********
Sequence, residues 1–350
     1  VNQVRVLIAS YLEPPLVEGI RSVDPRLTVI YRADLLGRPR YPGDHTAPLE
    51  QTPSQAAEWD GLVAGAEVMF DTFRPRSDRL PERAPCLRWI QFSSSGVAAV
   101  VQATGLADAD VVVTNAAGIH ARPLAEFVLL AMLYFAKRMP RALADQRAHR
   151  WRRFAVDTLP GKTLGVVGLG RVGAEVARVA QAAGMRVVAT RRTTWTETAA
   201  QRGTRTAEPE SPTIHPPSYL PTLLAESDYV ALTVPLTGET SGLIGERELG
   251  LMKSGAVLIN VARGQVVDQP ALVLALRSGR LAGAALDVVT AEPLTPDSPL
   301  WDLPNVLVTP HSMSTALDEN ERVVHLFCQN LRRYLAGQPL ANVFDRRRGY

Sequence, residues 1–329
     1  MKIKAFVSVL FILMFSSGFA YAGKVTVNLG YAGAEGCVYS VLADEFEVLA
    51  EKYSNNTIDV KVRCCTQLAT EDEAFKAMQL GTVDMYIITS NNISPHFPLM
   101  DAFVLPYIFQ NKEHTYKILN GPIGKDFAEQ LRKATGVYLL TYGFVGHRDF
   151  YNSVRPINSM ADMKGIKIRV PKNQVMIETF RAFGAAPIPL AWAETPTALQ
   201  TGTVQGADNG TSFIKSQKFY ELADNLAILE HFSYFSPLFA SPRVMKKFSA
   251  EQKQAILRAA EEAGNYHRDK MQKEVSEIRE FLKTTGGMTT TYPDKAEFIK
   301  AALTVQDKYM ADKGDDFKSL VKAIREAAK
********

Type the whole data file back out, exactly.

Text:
Sequence, residues 1–350
     1  VNQVRVLIAS YLEPPLVEGI RSVDPRLTVI YRADLLGRPR YPGDHTAPLE
    51  QTPSQAAEWD GLVAGAEVMF DTFRPRSDRL PERAPCLRWI QFSSSGVAAV
   101  VQATGLADAD VVVTNAAGIH ARPLAEFVLL AMLYFAKRMP RALADQRAHR
   151  WRRFAVDTLP GKTLGVVGLG RVGAEVARVA QAAGMRVVAT RRTTWTETAA
   201  QRGTRTAEPE SPTIHPPSYL PTLLAESDYV ALTVPLTGET SGLIGERELG
   251  LMKSGAVLIN VARGQVVDQP ALVLALRSGR LAGAALDVVT AEPLTPDSPL
   301  WDLPNVLVTP HSMSTALDEN ERVVHLFCQN LRRYLAGQPL ANVFDRRRGY

Sequence, residues 1–329
     1  MKIKAFVSVL FILMFSSGFA YAGKVTVNLG YAGAEGCVYS VLADEFEVLA
    51  EKYSNNTIDV KVRCCTQLAT EDEAFKAMQL GTVDMYIITS NNISPHFPLM
   101  DAFVLPYIFQ NKEHTYKILN GPIGKDFAEQ LRKATGVYLL TYGFVGHRDF
   151  YNSVRPINSM ADMKGIKIRV PKNQVMIETF RAFGAAPIPL AWAETPTALQ
   201  TGTVQGADNG TSFIKSQKFY ELADNLAILE HFSYFSPLFA SPRVMKKFSA
   251  EQKQAILRAA EEAGNYHRDK MQKEVSEIRE FLKTTGGMTT TYPDKAEFIK
   301  AALTVQDKYM ADKGDDFKSL VKAIREAAK